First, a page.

Bedtime, it's the dreaded subject for almost every parent. Not because parent's don't like bedtime, for most parents it is actually the contrary, it's because kids typically dislike bedtime or any time they are not allowed to participate in every activity happening around them. But any parent, scientist, or parenting expert will tell you bedtime is a necessary evil. In order for children to be the happy chipper little ones we know and love, they need to get adequate sleep. So, just how does one go about deciding on the right time for bedtime? We've compiled a list to help parents decide just that.
According to Kim West, a Licensed Clinical Social Worker and child and family therapist, the amount of sleep children need depends on their age, and that amount is exactly the type of mathematical equations parents should take into account when calculating their child's bedtime. For infants from about four to 11 months: (because let's be honest before four months they don't really sleep anyway) they need about 9-11 hours at night. Toddlers need about 10-12 hours at night and preschoolers need about 10-13 hours at night.
When deciding on your child's bedtime, think about what time you would like your child to wake in the morning. If your family are not particularly early risers, consider a later morning hour and work backward from there, otherwise, parents risk a 6 am wake up call from their little ones for putting them to bed too early in the evening.
Some children just naturally wake up early, some have early morning disturbances that can go undetected by parents without some investigation. Either way, think about when you would ideally like your little one to start his or her day and set a bedtime based on the number of hours he or she should be sleeping.
No one wants to go to bed hungry. When considering what would be a suitable bedtime, you may wish to consider when dinner time is for the family. Setting your child's bedtime too soon after dinner can give them an upset stomach and make kitchen clean up a late-night event, but setting your child's bedtime too late at night could make them really irritable. So, consider dinner time that's suitable for the family and give or take an hour afterward to give everyone time to wind down before bed.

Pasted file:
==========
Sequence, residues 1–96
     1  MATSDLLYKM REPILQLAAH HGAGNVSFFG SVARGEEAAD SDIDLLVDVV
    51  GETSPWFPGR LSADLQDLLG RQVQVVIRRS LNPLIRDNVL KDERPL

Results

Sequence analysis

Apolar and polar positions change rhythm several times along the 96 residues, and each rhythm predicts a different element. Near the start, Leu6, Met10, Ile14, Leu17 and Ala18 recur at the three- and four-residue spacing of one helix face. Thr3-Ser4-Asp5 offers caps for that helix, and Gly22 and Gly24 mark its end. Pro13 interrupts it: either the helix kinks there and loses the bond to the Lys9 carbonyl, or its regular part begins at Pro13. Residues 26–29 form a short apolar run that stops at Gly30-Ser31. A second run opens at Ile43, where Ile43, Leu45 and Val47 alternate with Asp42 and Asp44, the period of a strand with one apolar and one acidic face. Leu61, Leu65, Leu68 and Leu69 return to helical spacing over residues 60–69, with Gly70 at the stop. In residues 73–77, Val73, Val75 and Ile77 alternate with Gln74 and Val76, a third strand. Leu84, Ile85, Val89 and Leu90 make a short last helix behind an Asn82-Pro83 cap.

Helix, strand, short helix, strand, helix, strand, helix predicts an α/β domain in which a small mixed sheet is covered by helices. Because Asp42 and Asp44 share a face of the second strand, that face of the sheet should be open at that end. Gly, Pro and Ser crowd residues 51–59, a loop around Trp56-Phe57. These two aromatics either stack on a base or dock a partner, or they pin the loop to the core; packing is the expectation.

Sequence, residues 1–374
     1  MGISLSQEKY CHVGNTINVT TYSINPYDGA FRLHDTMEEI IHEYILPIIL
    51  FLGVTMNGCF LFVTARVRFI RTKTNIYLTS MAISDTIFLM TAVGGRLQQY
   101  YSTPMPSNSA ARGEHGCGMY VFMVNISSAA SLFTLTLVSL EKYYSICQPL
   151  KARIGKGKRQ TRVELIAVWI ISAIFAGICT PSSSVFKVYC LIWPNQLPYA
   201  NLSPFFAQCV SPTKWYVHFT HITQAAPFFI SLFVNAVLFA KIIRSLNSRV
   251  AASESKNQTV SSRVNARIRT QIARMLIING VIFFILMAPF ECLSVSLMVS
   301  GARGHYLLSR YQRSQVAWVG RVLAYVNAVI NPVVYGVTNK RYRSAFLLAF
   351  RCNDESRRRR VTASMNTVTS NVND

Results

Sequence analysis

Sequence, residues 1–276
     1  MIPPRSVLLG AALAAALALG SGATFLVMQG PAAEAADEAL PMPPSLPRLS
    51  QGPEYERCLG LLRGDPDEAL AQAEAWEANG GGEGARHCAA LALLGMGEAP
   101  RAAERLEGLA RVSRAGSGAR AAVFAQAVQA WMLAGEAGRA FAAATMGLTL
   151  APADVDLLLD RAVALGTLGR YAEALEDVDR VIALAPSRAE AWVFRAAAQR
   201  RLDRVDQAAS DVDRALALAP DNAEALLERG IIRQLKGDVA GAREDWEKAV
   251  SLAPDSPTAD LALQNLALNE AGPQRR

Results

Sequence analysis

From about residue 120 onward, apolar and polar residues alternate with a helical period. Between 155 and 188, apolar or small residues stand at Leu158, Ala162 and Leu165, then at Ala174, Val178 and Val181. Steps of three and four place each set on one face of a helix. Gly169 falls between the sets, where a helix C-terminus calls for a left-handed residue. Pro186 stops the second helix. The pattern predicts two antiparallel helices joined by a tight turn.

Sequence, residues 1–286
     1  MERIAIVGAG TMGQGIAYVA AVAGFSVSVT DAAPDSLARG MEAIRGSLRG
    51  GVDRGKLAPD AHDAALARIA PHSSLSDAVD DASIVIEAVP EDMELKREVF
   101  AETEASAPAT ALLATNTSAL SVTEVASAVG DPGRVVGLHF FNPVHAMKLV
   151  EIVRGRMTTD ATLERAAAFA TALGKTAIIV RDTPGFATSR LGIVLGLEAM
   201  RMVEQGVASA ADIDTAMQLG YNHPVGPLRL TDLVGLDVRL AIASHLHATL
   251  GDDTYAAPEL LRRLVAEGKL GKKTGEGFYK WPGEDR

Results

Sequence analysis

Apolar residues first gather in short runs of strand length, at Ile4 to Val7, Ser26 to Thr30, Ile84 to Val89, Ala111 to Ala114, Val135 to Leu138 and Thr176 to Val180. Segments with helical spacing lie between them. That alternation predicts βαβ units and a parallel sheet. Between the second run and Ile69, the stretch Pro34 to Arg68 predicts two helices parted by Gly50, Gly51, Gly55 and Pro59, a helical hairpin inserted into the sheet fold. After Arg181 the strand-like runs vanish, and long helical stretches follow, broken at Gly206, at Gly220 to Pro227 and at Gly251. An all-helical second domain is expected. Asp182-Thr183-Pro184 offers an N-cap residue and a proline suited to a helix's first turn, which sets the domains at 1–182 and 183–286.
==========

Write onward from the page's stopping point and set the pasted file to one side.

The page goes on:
The best way to factor what time the kids should go to bed is after parents can set a good bedtime routine. How long will it take after work to get things in order and make sure the kids brush their teeth, change into their PJs, go over their homework and read a story?
A bedtime routine sets up the eminent bedtime and can really help out both kids and parents wind down after a busy day. When deciding what time the kids should go to bed, think about how long each task will take and go from there.
Depending on how old your tot is, he or she may still be taking naps. If this is the case, it's important to refer to the sleep chart for kids. According to Kim West aka the sleep lady, in a 24 hour period newborns need 14-17 hours of sleep, infants need 12-16 hours of sleep, and toddlers need 11-14 hours of sleep. How much of those are spent napping? If your child naps only an hour per day it can be wise to look into the amount of time he or she will be spent sleeping at night and add it up. Doing the math is a great way to decide on a sleep time.
Deciding on a good sleep time for your child can be pretty simple when these tips are taken into account. Consider how active your little one is during the day and at which hours he or she reaches peak activity. You wouldn't want bedtime to follow shortly after a very active time in the day, so consider setting it a few hours later. Setting your child's bedtime also means taking into account how tired he or she will be after his or her activity for the day. Very active children need lots of rest! So consider offering a time slot that accounts for more hours on the sleep chart.
Parenting is unpredictable and so is life. So try to allow for a bit of leeway–give or take a half an hour–for setting a fixed bedtime, just in case you got dinner on the stove late or there are some unexpected guests that show up not too long after your little one would usually be in bed.
When setting your little one's bedtime try to allow for some "just in case" time. When people ask what time your child goes to bed, it may help to say, around (insert time here). That mentality can save you a lot of stress later, especially while sleep training.
One can call it what they like, screen time, overactive stimuli, before bedtime activity or rowdiness, nighttime stimulation can play a huge role in how parents select a bedtime for their children. If parents allow their children to have a lot of screen time right before bed, their children may have difficulty sleeping because screens block the production of the sleep hormone, melatonin, according to The National Sleep Foundation.
If parents have more than one child, it may be wise to consider a bedtime that is close enough together for all kids, regardless of their age. It may seem unfair to older siblings to go to bed at the same time as younger siblings, but it can really help around the house. Putting the kids to bed around the same time can be really helpful to parents and kids alike, no one will feel like they're missing out on anything and big kids can help the littles get ready for bed.
If your little one is pushing past his or her natural bedtime he or she may get overtired and then going to sleep will actually be harder, contrary to popular belief. According to a study, when children are awake past the time their body actually needs to go to sleep, their body will release a hormone to keep them awake, this gives them a kind of jet lag feeling for the next day, leaving them irritable. So when setting your child's bedtime, look for the signs of overtiredness and know that bedtime should be just before that point.